The same thing applies to Israeli behaviour. Israel has always been a criminal entity. And the West went along with that. Hence, it would be naïve to expect the West to undergo a sudden awakening of its conscience just because Israel has murdered a Palestinian leader. Israel has always committed such crimes, and the West has always lived with this. So there is absolutely nothing extraordinary here.

Silvia Cattori: When Benjamin Netanyahu reiterates that Israel will never withdraw from East Jerusalem, nor return to 1967 borders, nor allow Palestinian refugees to return to what is now Israel, what means do you have to voice your anger?

Khaled Amayreh: I tend to believe him, which really convinces me of the futility of seeking peace with Israel. Unfortunately, it is too late for peace with Israel. Now it is either open-ended conflict, or a single democratic state in all of mandatory Palestine from the River Jordan to the Mediterranean where all inhabitants are viewed as citizens, irrespective of religion and ethnicity. Needless to say, the later concept is anathema for Israel, since it would lead to the loss of Israel’s Jewish identity.

Silvia Cattori: After calling to dismember Iraq, after destroying Lebanon and Palestine, Israeli regime wants now to attack Iran and encourage his allies to enter in his war propaganda. President Nicolas Sarkozy’s government is openly the most eager to support Israel against Iran. But is it really Iran that threatens the Middle East?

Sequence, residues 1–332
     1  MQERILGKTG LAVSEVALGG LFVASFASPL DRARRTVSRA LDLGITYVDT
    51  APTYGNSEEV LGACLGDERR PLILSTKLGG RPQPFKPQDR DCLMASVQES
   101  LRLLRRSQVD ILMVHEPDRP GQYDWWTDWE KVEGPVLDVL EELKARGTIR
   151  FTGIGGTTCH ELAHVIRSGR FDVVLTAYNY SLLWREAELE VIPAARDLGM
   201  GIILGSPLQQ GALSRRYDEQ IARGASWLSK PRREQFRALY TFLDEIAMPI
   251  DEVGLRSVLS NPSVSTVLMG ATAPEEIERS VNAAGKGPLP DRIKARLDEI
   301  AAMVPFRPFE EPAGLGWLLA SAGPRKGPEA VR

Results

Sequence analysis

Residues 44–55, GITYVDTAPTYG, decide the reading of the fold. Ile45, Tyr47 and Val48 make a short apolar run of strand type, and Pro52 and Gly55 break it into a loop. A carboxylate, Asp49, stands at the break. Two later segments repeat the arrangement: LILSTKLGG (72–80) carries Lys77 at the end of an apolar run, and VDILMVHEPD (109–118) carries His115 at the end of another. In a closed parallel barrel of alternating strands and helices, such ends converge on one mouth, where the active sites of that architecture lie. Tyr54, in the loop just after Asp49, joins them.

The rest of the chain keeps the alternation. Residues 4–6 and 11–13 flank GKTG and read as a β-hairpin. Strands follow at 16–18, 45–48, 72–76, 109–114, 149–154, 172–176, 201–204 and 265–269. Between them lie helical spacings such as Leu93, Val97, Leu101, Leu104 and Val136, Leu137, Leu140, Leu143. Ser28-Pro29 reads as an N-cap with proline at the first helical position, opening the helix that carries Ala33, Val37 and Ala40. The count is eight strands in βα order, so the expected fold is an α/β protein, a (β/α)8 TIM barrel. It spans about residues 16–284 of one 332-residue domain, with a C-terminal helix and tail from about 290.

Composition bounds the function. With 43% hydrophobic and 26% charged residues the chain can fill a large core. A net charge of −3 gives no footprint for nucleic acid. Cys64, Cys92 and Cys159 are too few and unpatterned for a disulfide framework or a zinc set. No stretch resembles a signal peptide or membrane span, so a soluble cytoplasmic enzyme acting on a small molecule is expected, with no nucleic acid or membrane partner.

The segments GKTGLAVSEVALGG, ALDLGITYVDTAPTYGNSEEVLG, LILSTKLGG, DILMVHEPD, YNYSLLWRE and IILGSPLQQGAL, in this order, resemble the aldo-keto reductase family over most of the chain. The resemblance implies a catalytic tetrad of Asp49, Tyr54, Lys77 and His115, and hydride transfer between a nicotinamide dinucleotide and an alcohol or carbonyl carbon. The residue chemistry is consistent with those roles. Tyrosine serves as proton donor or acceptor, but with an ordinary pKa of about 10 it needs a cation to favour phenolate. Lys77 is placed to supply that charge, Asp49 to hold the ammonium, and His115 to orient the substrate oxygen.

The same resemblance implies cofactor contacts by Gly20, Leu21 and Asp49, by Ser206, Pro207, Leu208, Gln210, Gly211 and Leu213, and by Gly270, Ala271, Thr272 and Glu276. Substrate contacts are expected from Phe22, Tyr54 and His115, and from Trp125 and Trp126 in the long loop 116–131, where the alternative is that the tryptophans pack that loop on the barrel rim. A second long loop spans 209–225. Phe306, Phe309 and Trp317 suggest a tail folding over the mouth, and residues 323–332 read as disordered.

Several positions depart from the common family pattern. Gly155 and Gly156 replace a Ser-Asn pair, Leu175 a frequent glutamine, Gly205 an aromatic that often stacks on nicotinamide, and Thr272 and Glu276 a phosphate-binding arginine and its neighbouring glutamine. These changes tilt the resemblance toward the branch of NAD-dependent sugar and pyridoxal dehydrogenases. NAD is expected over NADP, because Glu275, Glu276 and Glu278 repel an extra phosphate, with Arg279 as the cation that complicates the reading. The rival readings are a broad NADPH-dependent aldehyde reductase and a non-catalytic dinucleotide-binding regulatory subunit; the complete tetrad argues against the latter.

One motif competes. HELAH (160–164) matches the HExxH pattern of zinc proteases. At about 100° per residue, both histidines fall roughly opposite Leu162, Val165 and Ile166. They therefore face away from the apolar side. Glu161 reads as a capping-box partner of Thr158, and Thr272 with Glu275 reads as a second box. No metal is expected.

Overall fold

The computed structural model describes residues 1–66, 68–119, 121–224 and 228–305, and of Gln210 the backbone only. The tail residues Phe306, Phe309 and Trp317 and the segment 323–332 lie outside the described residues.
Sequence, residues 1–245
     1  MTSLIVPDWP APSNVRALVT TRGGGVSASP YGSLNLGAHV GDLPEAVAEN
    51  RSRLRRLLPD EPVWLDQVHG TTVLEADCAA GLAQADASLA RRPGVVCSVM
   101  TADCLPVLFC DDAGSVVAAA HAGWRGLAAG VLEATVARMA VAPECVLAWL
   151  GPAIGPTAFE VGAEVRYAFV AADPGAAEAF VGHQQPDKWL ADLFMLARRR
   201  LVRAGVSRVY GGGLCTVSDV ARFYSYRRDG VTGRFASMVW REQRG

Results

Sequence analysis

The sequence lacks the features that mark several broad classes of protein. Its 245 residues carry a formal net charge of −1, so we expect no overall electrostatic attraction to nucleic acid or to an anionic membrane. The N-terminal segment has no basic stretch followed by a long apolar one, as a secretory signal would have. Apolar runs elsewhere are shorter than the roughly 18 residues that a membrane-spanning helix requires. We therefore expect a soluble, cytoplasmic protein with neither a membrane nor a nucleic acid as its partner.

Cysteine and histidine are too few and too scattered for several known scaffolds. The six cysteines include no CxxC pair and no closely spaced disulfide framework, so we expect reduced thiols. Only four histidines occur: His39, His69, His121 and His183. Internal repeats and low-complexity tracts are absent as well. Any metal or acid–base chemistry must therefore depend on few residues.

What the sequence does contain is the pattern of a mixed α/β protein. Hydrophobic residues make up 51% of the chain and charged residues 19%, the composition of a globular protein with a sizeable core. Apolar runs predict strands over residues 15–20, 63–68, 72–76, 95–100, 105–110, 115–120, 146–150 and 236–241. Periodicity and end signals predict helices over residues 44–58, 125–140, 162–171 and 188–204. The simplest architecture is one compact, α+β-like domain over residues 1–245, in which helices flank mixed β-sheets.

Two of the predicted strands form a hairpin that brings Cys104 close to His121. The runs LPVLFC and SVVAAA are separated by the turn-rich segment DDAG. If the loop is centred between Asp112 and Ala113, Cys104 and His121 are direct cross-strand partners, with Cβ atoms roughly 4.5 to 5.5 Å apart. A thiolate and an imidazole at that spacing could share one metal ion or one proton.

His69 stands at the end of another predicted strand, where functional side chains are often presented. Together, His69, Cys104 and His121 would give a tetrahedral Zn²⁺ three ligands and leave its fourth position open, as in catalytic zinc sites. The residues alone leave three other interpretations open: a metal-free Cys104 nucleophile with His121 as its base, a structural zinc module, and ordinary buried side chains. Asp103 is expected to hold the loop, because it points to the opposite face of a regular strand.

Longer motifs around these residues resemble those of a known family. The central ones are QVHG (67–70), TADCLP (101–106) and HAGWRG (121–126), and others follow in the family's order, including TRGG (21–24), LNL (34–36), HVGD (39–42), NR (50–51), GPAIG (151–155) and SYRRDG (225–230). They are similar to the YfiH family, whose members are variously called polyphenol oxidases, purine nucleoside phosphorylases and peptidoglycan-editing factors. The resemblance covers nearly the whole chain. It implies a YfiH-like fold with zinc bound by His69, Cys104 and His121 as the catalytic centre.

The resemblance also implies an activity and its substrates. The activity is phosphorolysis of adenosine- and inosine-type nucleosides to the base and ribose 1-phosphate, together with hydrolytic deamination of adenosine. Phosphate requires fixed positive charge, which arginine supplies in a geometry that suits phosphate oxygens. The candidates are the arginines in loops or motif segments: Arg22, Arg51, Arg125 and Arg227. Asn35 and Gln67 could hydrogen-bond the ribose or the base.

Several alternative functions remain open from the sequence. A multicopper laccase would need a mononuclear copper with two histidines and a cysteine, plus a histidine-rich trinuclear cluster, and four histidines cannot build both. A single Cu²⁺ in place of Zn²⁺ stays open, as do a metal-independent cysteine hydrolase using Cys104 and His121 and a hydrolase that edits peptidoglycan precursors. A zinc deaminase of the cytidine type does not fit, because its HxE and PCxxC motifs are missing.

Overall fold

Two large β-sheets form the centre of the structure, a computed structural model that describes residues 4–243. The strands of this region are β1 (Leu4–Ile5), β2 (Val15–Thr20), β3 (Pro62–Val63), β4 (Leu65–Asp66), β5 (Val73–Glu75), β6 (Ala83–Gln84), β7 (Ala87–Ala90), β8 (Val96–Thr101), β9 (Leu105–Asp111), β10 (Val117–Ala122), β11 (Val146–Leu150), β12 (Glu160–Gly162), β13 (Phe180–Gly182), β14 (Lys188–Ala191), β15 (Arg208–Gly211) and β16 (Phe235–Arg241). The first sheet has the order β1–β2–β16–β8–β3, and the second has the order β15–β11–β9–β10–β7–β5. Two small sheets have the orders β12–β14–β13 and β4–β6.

Khaled Amayreh: No, Iran in no way represents a threat to the Middle East. Iran is still very much a Third World country that lacks the ability (and the inclination) to pose such a threat. Besides, Iran, unlike Israel, has not waged wars of aggression in modern times.

In my opinion, the driving motive behind the Israeli-western hysteria against Iran is to ensure that Israel remains the sole, undisputed, and unchallenged superpower in the Middle East as it is now. Hence, the largely phobic talk about the possible destruction of Israel by Iran is more than rubbish [3]. It really insults people’s intelligence and should never be entertained by serious peoples.

Israel possesses hundreds of nuclear heads and bombs, along with their delivery systems, which means that it would be utterly foolish to threaten Israel. Some would claim that the Iranian leadership can be “foolish” but this is nonsense. A country that has been able to navigate itself through the treacherous terrains of international politics can’t really be foolish.

In the final analysis, we are talking about a potential challenge to Israeli supremacy in the region, not existence, a condition that has persisted since the aftermath of the Second World War. This is what irks Israel and the West.